Speaker: Mike Taylor; University of Bristol Earth Sciences.
Mike will be looking at aspects of the anatomy of really big animals, including dinosaurs and modern mammals, to see how dinosaur evolution found solutions to problems that stymied it in the mammalian world.
About sauropods, he says:
The necks of sauropod dinosaurs were by far the longest in history, exceeding 15m. Four very different sauropod groups evolved 10m necks. By contrast, the neck of the giraffe, the longest of any extant animal, reaches only 2.4m. The necks of theropods and pterosaurs attained at most 3m. (Even among aquatic animals, the record is only 7m for elasmosaurs.)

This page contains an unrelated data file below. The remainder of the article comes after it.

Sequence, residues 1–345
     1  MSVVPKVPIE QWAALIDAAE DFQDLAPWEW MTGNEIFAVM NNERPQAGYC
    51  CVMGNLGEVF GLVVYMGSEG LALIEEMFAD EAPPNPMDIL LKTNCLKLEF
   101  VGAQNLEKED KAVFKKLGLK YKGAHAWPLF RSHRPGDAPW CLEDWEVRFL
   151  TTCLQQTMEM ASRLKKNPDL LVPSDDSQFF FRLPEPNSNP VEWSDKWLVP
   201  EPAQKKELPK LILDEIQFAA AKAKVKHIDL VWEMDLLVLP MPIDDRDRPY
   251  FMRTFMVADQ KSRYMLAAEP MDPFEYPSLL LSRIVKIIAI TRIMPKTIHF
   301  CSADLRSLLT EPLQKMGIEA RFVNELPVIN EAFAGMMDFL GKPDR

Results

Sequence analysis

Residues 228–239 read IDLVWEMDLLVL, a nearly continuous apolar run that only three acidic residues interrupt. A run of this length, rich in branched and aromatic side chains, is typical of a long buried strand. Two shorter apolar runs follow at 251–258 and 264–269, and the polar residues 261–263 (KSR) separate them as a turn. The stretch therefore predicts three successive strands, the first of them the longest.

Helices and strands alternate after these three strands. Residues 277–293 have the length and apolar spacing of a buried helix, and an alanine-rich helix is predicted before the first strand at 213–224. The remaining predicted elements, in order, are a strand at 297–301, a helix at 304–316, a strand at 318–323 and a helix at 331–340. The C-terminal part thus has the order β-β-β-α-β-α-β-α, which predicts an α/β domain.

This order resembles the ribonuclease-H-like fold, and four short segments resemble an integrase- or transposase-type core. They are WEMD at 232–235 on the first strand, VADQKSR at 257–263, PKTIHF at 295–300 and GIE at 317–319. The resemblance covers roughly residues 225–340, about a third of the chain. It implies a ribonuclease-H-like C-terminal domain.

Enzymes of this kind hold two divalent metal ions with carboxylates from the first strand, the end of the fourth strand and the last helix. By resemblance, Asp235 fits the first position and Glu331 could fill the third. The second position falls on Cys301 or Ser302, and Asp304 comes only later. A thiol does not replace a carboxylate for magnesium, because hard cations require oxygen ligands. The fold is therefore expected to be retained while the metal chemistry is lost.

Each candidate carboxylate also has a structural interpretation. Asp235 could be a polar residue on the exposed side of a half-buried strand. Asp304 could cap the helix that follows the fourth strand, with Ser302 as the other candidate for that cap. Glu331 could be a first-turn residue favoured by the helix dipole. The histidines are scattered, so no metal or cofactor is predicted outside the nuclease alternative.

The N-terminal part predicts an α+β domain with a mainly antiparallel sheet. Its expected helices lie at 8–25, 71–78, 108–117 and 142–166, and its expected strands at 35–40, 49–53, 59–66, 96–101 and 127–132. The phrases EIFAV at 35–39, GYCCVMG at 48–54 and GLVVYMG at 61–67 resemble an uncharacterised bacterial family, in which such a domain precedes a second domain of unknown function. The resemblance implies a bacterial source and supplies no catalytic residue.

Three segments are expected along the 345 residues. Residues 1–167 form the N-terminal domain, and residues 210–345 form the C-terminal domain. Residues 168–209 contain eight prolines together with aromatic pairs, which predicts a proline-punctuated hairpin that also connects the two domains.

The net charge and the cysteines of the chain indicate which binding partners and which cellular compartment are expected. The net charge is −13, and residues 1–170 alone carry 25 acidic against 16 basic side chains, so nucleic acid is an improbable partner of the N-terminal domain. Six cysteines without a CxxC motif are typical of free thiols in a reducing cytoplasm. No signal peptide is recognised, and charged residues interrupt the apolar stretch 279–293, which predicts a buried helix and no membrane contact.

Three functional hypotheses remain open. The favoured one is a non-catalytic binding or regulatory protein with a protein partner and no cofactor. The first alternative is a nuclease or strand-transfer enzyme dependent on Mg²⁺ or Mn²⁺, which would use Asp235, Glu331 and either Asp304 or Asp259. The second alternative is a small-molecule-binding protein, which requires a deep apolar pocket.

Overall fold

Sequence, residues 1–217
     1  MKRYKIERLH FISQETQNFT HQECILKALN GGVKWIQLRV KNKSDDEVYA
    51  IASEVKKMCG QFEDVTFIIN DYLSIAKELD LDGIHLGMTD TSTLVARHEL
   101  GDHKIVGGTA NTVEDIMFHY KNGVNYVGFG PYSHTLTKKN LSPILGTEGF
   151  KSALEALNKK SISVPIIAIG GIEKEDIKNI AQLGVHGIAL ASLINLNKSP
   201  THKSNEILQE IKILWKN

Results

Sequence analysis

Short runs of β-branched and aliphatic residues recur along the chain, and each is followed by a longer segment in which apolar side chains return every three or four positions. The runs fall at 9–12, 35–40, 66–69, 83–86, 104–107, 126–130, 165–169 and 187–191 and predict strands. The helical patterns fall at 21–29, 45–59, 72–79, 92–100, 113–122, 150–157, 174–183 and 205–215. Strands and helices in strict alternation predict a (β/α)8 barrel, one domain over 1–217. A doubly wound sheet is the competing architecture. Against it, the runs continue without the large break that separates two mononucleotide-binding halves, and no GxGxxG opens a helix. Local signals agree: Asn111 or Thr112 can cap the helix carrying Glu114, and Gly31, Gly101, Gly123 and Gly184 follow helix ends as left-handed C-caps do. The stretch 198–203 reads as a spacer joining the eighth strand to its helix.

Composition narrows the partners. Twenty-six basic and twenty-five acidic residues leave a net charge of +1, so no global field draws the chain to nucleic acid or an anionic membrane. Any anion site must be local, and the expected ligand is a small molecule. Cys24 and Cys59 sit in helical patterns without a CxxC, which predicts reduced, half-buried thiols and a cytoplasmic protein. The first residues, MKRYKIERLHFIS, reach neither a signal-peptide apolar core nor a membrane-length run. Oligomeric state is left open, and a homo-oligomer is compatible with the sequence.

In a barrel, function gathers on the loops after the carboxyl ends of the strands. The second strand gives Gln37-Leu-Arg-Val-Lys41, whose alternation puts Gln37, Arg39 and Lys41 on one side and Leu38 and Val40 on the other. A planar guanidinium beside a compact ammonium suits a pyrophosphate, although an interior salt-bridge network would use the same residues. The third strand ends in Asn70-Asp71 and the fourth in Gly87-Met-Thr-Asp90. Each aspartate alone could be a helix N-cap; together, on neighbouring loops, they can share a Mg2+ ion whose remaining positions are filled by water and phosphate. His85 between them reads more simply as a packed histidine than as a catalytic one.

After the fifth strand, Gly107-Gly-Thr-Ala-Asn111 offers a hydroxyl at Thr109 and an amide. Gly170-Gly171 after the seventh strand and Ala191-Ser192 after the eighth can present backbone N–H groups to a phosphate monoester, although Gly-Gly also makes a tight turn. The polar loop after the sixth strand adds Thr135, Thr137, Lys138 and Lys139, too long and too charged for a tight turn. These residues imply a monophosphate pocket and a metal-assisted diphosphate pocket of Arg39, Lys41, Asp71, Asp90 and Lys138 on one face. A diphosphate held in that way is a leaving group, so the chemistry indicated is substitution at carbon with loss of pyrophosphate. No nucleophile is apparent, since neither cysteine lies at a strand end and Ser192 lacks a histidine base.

Seven factors contributed to extraordinary neck lengths in sauropods: their sheer size, quadrupedal stance, small heads, cervical vertebra count, elongation of individual vertebrae, air-sacs and vertebral architecture. Cervical vertebral innovations included: extreme pneumatisation, which lightened the neck and increased bending resistance; long cervical ribs, which enabled heavy muscles to be shifted back towards the torso; and, in several groups, bifid neural spines, which aided stability by shifting muscles and ligaments laterally.
But other aspects of sauropod cervical anatomy remain puzzling: low neural spines reduced the lever arm of the muscles that held the neck up; low-hanging cervical ribs increased neck bulk; and muscle attachments on the upper parts of the vertebrae were not posteriorly elongated like those on the lower parts. These apparent flaws suggest our understanding of sauropod neck mechanics remains incomplete.